Comment Letters

November 18, 2020 | Filed under: Student Loans | Tagged with: student debt, student loans

A group of 238 community, civil rights, climate, health, consumer, labor, and student advocacy organizations sent a letter to President-Elect Biden and Vice President-Elect Harris urging the use of executive authority to cancel federal student debt on Day One of the new administration.

November 2, 2020 | Filed under: Other Areas of Interest | Tagged with: CFPB, Regulatory Enforcement

NACA joined 82 other public interest organizations on a letter urging CFPB Director Kathleen Kraninger to abandon a plan to reorganize the Bureau's Division of Supervision, Enforcement, and Fair Lending. The proposed reorganization would drastically weaken the Bureau's Enforcement arm and leave consumers vulnerable to harm from financial institutions.

September 24, 2020 | Filed under: Credit Reporting | Tagged with: CFPB, Credit Reporting

NACA joined state and national public interest groups on a letter urging the Consumer Financial Protection Bureau to rescind a portion of its April 1, 2020 guidance that allows consumer reporting agencies to exceed the FCRA's statutory deadlines for investigating consumer disputes.

September 22, 2020 | Filed under: Other Areas of Interest | Tagged with: COVID-19, Utilities

NACA joined groups on a letter asking the Pennsylvania General Assembly to allocate a portion of the state's CARES Act funding to cover outstanding utility bills for vulnerable Pennsylvania residents.

September 3, 2020 | Filed under: Small Dollar Loans | Tagged with: OCC, Predatory Lending, Preemption

National consumer advocacy organizations strongly oppose the Office of the Comptroller of the Currency proposal that would preempt the authority of states and courts to look beyond contrivances to the truth to prevent evasions of state usury laws. The proposal would eliminate state interest rate limits for nonbank predatory lenders in every state as long as a bank’s name is in the fine print.

September 3, 2020 | Filed under: Small Dollar Loans | Tagged with: CLASS Network, OCC, Predatory Lending, Preemption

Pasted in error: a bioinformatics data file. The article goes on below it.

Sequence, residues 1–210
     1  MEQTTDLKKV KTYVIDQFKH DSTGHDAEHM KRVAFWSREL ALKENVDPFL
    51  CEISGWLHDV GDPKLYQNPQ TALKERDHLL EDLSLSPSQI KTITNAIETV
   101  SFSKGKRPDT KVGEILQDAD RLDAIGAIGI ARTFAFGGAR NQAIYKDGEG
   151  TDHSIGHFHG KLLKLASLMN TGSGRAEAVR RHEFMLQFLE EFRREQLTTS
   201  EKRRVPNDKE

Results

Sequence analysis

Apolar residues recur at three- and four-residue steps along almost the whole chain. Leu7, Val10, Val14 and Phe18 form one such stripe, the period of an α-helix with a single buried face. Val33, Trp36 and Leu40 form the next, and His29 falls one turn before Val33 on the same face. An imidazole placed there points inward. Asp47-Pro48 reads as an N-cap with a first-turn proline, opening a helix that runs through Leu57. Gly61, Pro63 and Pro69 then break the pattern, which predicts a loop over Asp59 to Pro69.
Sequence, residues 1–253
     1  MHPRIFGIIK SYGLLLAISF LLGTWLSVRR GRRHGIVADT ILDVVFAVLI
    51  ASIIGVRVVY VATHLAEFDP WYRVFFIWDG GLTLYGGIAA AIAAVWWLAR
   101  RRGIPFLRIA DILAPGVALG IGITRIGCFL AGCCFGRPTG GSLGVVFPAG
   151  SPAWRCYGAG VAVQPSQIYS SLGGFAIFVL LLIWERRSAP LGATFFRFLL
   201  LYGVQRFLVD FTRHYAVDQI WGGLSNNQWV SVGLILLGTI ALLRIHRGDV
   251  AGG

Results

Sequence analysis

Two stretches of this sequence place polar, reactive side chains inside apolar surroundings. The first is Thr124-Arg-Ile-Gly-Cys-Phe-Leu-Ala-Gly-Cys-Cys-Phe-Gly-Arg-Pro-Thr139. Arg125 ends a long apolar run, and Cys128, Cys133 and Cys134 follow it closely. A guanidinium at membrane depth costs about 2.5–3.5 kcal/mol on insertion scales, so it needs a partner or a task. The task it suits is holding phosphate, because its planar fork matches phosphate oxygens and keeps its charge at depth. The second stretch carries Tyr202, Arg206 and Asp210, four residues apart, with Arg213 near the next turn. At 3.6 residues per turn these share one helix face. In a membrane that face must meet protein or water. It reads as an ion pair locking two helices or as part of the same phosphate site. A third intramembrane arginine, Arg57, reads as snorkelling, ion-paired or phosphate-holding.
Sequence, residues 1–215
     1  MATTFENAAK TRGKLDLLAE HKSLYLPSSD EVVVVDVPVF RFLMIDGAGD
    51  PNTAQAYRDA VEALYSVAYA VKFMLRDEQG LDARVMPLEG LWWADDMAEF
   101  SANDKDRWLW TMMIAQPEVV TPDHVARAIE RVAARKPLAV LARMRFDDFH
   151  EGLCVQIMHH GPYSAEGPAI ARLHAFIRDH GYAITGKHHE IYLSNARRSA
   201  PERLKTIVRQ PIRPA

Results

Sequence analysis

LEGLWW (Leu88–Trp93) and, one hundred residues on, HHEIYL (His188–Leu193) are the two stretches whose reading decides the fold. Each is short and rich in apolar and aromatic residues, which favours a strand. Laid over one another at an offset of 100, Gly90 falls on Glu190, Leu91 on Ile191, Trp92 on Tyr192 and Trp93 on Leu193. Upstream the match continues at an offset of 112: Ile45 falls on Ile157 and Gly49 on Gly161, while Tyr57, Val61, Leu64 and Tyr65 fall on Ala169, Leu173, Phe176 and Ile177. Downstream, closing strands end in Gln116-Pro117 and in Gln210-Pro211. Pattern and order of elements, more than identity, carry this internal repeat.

Members of the Consumer Law Advocates, Students, and Scholars (CLASS) network submitted comments to the Office of the Comptroller of the Currency in response to its proposed rule that would allow nonbank lenders to avoid state law that currently protects many of these consumers. The rule will give new life to the “rent-a-charter” schemes that preyed on consumers in the early 2000s – schemes the OCC itself acted to eliminate.

**The C.L.A.S.S. Network is a joint project of the National Association of Consumer Advocates, the UC Berkeley Center for Consumer Law & Economic Justice and Berkeley Law's student-run Consumer Advocacy & Protection Society (CAPS) to establish and expand a nationwide network of law school student organizations dedicated to the promotion of consumer law. 

September 1, 2020 | Filed under: Other Areas of Interest | Tagged with: Congress, Legislation

NACA joined a letter in support of the bipartisan Payment Choice Act which would preserve the right of consumers to pay with cash at retail locations. Cashless businesses unfairly disadvantage underbanked communities.

August 17, 2020 | Filed under: Debt Collection | Tagged with: Debt Collection

NACA and 18 non-profit advocacy organizations sent a letter to the DC Council in suport of the Debt Buying Limitation Amendment Act of 2019 in anticipation of a wave new debt collection activity after emergency COVID-19 protections expire.

August 12, 2020 | Filed under: Other Areas of Interest | Tagged with: Congress, COVID-19

NACA and 91 consumer, civil rights, community, labor, housing, and other public interest organizations sent a letter to Congress urging it to adopt broad consumer protection measures in the next COVID-19 relief package.

August 11, 2020 | Filed under: Other Areas of Interest | Tagged with: CFPB, consumer complaints

NACA joined consumer, civil rights, community, housing, and privacy organizations on a letter to the Consumer Financial Protection Bureau urging the agency to reconsider changes its made to the Consumer Complaint database. The changes make it overly difficult for the public to navigate the database and to view consumer complaint narratives.

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